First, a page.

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Where are you from, Jacques?

That my name is not “stereotypically” Canadian is not at all surprising, but I suspect for many of my Canadian friends the fact that the first stereotypical Canadian name...

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Duleepa Wijayawardhana

January 14, 2018

“Oh you have a very long name! Where are you from?”
“Canada!”
“Oh your name is nothing ‘Canadian’ like Jacques?!”

This was a legitimate exchange in a book shop in Helsinki. It was all I could do to not snort the tea I was drinking in laughter. That my name is not “stereotypically” Canadian is not at all surprising, but I suspect for many of my Canadian friends the fact that the first stereotypical Canadian name that came into this man’s mind was “Jacques” would be quite hilarious.

The question only seems to ever come up once someone here realizes my Finnish is only good enough to order a beer, then it’s obvious I am not from here, or amongst a group of other expatriates. However in Helsinki, the question is not always “where are you from?” but the statement/question “ah, you are from India.” If you know me, you would know that I do not get offended by this at all no matter the form it’s asked/stated. It’s a simple question I’ve been facing all my life and one I’ve mostly given up answering for myself even.

Let’s see how I could answer this. Well, I am by appearance, if one were to count just that, Sri Lankan, and for the record, not sure you want to go around describing Sri Lankans, whether Sinhalese, Tamil or Muslim, as “Indians”. But then by upbringing I guess I’m from Hong Kong (whatever that means), and from language (and on occasion, accent) and childhood culture, British. But then home for me is on the craggy shores and cliffs of Newfoundland, Canada and generally Canada as a whole.

The Sikh Association in Montreal’s Canada Day Parade 2017

And generally I do answer as “Canadian”, which is often followed, at least to my estimation here, by a couple of raised eyebrows. I don’t fit the stereotypes by appearance to European stereotypes of Canada as seen from this far away. I suspect that if an Inuit were to show up here, they would, ironically, get the same reaction as people do to me. Most outside of Canada do not realize how incredibly multi-cultural and diverse our nation actually is. Typically a Canadian is, well, “Jacques”, a white European descendant.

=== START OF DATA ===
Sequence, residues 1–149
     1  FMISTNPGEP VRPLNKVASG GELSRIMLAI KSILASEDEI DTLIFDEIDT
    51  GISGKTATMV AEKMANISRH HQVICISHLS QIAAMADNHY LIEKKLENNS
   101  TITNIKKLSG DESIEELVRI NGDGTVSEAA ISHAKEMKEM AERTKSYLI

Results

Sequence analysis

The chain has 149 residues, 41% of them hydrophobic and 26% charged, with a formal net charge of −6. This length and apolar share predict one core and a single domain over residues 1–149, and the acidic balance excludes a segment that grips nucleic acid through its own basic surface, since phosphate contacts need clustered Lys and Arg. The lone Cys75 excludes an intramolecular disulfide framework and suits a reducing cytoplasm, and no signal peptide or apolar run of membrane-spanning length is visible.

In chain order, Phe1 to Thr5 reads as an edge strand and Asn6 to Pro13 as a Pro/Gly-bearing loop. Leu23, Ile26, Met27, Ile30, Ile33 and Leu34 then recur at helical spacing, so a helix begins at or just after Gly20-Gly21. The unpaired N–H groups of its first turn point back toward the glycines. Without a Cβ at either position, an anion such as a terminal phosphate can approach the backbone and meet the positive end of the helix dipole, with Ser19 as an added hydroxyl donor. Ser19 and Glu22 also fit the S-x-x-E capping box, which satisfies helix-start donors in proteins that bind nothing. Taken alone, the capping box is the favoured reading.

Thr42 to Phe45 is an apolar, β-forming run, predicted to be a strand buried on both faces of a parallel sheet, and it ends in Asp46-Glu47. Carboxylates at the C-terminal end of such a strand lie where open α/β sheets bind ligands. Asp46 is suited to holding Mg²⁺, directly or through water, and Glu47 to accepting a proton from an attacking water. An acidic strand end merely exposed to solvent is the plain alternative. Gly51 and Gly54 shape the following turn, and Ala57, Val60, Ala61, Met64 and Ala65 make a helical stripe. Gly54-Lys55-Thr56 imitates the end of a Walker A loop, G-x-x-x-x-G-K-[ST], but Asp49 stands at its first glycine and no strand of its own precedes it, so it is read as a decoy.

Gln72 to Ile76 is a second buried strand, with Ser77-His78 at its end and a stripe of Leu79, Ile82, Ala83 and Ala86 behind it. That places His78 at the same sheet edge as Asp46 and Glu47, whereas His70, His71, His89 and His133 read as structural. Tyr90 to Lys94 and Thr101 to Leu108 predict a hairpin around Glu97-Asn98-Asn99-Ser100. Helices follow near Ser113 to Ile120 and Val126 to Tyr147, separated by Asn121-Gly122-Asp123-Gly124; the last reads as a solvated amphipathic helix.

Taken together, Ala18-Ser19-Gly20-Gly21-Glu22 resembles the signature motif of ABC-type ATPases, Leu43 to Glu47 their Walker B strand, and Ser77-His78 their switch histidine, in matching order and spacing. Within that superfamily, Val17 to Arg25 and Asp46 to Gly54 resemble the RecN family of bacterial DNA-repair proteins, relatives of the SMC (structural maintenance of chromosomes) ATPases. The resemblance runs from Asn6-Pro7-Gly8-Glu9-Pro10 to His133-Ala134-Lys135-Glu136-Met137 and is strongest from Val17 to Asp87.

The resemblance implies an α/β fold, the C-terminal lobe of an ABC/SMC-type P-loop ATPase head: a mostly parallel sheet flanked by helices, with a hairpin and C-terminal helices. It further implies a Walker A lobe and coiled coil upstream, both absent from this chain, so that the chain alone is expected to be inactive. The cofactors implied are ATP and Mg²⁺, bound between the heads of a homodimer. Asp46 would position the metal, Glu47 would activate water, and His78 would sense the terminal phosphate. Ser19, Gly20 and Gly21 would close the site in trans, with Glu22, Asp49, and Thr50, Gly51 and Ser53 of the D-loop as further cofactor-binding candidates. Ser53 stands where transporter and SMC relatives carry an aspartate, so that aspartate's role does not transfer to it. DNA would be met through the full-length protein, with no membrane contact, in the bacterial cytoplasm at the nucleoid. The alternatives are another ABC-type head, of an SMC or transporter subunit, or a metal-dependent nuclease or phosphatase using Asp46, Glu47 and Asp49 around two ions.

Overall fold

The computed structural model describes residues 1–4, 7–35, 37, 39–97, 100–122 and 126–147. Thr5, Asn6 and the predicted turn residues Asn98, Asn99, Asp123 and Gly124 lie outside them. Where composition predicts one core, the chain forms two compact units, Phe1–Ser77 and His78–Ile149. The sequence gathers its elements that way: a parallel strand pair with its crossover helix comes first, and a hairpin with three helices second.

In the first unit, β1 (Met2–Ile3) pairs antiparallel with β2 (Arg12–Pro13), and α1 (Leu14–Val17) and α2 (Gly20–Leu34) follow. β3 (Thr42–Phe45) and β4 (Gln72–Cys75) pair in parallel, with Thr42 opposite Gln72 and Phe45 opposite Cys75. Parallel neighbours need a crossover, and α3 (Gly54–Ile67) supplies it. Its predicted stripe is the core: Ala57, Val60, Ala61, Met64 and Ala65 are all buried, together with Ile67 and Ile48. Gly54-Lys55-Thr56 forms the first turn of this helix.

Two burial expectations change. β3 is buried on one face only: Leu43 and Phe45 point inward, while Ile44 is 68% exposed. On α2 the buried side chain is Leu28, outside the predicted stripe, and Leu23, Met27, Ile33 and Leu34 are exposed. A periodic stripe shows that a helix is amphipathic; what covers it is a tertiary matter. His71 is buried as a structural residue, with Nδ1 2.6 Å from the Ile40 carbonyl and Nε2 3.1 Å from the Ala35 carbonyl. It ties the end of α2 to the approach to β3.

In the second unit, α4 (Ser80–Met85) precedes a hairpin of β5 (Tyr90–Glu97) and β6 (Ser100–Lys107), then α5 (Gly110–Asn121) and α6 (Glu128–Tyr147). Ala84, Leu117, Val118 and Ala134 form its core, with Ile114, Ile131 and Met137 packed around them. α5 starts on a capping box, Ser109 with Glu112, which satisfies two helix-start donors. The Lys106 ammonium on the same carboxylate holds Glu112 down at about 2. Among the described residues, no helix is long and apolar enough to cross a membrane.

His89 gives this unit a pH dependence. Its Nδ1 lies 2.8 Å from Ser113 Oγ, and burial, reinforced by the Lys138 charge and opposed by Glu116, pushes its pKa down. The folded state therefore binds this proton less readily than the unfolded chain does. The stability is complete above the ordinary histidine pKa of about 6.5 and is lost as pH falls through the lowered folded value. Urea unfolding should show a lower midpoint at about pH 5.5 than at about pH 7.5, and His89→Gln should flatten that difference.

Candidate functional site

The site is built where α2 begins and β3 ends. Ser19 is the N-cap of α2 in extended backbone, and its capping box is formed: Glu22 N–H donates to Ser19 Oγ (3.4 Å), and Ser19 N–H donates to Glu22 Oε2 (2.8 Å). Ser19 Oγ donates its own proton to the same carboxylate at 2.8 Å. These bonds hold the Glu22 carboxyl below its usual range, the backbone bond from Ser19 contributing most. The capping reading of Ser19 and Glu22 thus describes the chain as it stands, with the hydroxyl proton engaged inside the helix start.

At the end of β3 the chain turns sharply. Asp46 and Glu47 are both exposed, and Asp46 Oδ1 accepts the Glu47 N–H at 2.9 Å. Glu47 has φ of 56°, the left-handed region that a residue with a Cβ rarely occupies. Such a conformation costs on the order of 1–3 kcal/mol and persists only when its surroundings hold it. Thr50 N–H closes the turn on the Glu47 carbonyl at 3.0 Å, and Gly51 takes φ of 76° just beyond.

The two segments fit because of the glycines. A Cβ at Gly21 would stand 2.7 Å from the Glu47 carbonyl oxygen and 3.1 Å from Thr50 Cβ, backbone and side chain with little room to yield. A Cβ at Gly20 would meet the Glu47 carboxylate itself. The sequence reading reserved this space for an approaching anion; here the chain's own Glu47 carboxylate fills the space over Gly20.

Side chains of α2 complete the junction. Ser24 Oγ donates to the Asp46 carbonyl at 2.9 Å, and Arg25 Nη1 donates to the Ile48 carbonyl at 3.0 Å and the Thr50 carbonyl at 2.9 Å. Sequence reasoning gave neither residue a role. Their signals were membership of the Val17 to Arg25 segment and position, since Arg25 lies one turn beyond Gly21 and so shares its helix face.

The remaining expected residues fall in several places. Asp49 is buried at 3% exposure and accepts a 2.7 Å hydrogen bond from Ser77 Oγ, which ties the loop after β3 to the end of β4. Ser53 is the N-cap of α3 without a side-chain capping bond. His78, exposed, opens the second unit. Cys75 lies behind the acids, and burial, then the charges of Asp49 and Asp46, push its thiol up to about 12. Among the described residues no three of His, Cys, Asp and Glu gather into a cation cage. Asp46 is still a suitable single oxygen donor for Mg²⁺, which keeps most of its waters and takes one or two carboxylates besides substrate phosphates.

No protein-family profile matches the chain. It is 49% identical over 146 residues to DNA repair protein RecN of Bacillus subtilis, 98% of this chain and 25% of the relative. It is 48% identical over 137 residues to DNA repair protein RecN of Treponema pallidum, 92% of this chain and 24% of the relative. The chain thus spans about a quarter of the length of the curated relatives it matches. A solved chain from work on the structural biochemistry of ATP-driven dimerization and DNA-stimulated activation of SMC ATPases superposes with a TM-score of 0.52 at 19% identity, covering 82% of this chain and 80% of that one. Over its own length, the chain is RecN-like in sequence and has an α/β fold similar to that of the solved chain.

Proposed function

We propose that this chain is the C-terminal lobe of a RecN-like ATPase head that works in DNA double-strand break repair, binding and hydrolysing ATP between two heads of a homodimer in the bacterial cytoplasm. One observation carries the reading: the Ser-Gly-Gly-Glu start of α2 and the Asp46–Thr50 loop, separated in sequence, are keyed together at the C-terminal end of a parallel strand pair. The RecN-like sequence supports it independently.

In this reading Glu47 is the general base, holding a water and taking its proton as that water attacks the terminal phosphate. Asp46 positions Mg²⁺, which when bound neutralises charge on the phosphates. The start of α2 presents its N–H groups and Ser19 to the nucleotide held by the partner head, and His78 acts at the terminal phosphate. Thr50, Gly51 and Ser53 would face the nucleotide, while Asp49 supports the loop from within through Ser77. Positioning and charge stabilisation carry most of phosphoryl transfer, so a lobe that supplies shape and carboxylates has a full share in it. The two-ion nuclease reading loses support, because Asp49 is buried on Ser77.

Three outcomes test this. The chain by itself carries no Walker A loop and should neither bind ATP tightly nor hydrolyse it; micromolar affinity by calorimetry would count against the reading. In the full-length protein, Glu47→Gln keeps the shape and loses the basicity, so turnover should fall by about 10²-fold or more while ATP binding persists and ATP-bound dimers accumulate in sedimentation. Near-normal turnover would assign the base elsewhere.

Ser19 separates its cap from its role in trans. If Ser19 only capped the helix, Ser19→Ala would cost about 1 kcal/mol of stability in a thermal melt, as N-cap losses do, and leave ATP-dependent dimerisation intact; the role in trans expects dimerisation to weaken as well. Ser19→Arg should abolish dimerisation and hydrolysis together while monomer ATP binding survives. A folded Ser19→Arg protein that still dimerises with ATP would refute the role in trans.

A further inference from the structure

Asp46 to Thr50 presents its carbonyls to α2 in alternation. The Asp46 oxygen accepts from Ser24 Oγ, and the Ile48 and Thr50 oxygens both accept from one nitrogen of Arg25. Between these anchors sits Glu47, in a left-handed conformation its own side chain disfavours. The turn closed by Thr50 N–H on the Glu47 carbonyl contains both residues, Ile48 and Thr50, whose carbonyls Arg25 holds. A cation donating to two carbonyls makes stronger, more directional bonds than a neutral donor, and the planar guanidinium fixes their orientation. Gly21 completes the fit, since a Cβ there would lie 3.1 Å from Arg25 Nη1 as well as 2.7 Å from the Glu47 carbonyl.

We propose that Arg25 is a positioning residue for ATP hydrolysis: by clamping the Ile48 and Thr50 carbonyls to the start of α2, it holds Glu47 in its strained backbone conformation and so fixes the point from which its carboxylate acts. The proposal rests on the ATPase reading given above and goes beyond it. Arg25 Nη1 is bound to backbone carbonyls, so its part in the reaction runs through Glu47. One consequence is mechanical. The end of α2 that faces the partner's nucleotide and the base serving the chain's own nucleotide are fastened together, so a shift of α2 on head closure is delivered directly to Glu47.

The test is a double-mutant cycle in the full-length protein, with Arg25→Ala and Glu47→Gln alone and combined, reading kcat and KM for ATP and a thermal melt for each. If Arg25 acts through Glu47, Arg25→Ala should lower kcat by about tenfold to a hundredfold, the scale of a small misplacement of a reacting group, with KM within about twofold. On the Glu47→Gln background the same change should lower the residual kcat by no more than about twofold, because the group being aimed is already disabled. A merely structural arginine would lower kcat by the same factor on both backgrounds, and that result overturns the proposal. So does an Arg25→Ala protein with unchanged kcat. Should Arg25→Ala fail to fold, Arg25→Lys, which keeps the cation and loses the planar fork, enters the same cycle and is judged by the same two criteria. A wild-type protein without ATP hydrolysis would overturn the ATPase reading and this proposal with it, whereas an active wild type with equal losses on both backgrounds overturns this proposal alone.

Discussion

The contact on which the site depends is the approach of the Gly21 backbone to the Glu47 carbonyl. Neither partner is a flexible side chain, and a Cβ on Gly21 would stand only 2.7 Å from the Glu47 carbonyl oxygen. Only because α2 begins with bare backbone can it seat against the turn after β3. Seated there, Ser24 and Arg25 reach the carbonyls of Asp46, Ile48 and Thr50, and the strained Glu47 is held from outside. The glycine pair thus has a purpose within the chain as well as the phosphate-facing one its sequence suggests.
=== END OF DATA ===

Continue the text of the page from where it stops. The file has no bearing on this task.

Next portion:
In one late night incident after having (a few too many) drinks with another visiting Canadian friend we lined up for burgers by the railway station in Helsinki. One quite drunk individual on hearing me answering “Canadian” to another person in queue to this very same question, apparently started yelling at me that I was “lying”. I say “apparently” as I didn’t understand a word and basically kept smiling and nodding at him until a bunch of lovely Finns in line came to my defense and told him to “F*^& off”.

Now, don’t get me wrong this has very little to do with Europe. In Canada, when people ask me where I am from I say “St. John’s, Newfoundland”. A few times people thought I was joking (until they questioned me further), but most often it’s the same raised eyebrows “but you don’t fit my stereotype of what I expect from Newfoundland.” Typically to a Canadian, a Newfoundlander is white person with an odd, somewhat Irish-like, accent.

And it isn’t like I don’t ask the question either. It’s a very human thing to find out where someone is from.

The downside to this and the part that probably bothers me is when the question implies that whatever stereotype the person is expecting is a negative one. Worse however, and something I’m not quite sure how to deal with, is the perceived change in attitude I have received when I state that “no I am not Indian but I am from Canada.” Don’t get me wrong, despite my name not being “Jacques”, I’m very proud to be Canadian, but there’s an implied positive bias that means there’s a negative bias from someone from the Indian subcontinent. Maybe the positive bias is from a love of Trudeau, or maybe fear of our great ice hockey prowess, or a love of the Beachcombers and Littlest Hobo, however, more likely it is that being Canadian to a European is likely more relatable.

I am definitely not saying stop asking the question, it’s just one of the interesting observations from a person who loves to debunk stereotypes. Which itself is so stereotypically “Dups”.

(The lead photo is the Scandinavian Float in Montreal’s Canada Day Parade, 2017)

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